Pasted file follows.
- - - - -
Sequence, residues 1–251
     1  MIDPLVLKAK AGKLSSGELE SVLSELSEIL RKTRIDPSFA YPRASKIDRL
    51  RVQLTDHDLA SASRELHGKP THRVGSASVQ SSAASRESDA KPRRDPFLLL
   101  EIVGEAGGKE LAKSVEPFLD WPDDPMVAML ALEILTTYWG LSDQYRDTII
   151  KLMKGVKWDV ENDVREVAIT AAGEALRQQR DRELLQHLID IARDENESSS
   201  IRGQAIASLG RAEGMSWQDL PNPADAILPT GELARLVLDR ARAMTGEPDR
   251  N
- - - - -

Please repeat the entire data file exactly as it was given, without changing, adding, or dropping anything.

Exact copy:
Sequence, residues 1–251
     1  MIDPLVLKAK AGKLSSGELE SVLSELSEIL RKTRIDPSFA YPRASKIDRL
    51  RVQLTDHDLA SASRELHGKP THRVGSASVQ SSAASRESDA KPRRDPFLLL
   101  EIVGEAGGKE LAKSVEPFLD WPDDPMVAML ALEILTTYWG LSDQYRDTII
   151  KLMKGVKWDV ENDVREVAIT AAGEALRQQR DRELLQHLID IARDENESSS
   201  IRGQAIASLG RAEGMSWQDL PNPADAILPT GELARLVLDR ARAMTGEPDR
   251  N